Tech savvy reporters and judges are now dancing a fine line between the public’s right to know and offering a fair and legal trial.
This week in West Palm Beach, Fla., U.S. District Judge Federico Moreno ruled in favor of allowing reporters to send breaking news messages about court cases — as long as they don’t send them from the courtroom. The Palm Beach Post reported:
“Reporters previously could not post such updates because they were not allowed to bring devices like cell phones and Blackberries into a federal courthouse within the district. …
In his order, Moreno upheld the ban on e-mailing, typing and texting inside the courtroom, saying that those actions “violate the sanctity of the courtroom and disrupt judicial proceedings.” But Moreno said that reporters who agree in writing to follow the rules would be able to step outside the courtroom to send their updates.”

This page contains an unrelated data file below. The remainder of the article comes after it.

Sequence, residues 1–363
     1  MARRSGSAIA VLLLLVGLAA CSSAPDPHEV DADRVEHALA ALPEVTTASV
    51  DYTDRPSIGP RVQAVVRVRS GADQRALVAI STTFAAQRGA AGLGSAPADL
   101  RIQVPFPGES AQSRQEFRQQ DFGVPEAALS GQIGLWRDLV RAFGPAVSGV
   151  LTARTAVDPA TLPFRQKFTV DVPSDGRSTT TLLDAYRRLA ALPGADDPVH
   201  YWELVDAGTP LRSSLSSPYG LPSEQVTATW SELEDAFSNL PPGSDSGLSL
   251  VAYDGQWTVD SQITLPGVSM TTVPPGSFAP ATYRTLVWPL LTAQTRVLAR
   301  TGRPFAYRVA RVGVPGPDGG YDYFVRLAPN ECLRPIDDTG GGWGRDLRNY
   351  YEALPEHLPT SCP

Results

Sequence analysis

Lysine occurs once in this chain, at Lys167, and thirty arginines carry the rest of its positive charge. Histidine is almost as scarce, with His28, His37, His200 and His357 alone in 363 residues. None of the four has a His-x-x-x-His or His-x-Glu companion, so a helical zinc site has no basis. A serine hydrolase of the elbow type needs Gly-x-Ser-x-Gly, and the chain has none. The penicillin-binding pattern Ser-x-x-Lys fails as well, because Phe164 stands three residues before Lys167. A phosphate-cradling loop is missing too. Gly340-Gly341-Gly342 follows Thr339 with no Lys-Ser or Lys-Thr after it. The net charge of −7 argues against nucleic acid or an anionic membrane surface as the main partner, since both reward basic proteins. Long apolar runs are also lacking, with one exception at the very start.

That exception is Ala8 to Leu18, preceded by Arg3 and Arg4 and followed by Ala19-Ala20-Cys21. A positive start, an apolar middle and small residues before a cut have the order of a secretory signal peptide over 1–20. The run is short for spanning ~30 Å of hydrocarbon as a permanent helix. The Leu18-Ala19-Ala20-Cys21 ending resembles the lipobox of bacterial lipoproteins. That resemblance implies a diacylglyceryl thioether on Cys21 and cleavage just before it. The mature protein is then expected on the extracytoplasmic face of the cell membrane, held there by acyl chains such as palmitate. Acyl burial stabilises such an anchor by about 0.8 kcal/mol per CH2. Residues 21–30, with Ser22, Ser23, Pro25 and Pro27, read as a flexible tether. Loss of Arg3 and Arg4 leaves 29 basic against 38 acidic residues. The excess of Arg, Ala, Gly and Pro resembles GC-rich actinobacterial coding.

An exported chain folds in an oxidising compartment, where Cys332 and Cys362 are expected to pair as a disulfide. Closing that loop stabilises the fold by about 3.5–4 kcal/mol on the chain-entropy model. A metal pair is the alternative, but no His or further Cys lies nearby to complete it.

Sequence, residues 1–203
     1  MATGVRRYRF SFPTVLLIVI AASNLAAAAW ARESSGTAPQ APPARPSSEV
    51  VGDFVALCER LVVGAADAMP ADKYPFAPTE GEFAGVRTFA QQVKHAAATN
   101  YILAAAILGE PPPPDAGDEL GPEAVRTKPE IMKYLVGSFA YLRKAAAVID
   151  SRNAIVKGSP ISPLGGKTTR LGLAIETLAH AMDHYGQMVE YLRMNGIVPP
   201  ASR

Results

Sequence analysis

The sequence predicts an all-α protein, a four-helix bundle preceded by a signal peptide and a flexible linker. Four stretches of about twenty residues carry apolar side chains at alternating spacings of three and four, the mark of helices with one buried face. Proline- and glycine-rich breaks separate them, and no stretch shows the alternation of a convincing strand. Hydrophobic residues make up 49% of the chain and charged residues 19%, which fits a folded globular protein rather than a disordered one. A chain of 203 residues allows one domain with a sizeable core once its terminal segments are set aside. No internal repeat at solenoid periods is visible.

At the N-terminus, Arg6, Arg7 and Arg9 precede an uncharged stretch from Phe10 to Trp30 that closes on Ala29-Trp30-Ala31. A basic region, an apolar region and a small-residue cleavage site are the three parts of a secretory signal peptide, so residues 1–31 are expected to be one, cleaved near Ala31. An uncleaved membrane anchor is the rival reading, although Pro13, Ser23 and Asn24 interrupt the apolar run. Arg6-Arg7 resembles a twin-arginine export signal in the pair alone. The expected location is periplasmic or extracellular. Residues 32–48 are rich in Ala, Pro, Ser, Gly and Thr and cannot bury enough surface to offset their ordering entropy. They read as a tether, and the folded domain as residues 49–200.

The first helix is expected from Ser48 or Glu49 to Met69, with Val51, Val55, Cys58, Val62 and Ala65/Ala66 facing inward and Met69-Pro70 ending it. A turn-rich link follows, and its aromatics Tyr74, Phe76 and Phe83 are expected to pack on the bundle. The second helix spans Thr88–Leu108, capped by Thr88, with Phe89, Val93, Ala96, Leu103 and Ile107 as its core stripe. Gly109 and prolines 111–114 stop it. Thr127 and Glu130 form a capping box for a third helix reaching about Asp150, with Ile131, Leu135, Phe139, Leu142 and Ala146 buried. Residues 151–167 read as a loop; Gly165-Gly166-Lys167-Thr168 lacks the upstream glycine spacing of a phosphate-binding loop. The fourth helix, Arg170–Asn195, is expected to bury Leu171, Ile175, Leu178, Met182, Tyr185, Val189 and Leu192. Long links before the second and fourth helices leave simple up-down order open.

Similar situations involving court reporters and Twitter have been discussed in Pennsylvania, Arkansas and Colorado. A judge even declared a mistrial a few weeks ago in Florida after eight jurors admitted to researching their court case online, outside of the courtroom.
Earlier this month, reporter Ron Sylvester of The Wichita Eagle received clearance from a federal judge to use Twitter to report from the courthouse. Sylvester is a pioneer among journalists using Twitter to break tidbits of news in court cases.
Since Sylvester led the way, other papers have followed, including the The Spokesman-Review in Washington, which tweeted closing arguments on a capital murder case in August.
These cases will likely become increasingly common as reporters, judges and jurors grow more comfortable using new information tools for reporting in the 24 hour 60-second news cycle.
(The Palm Beach Post’s Emily Roach sent me the West Palm Beach tip. Full disclosure: I used to work at The Palm Beach Post.)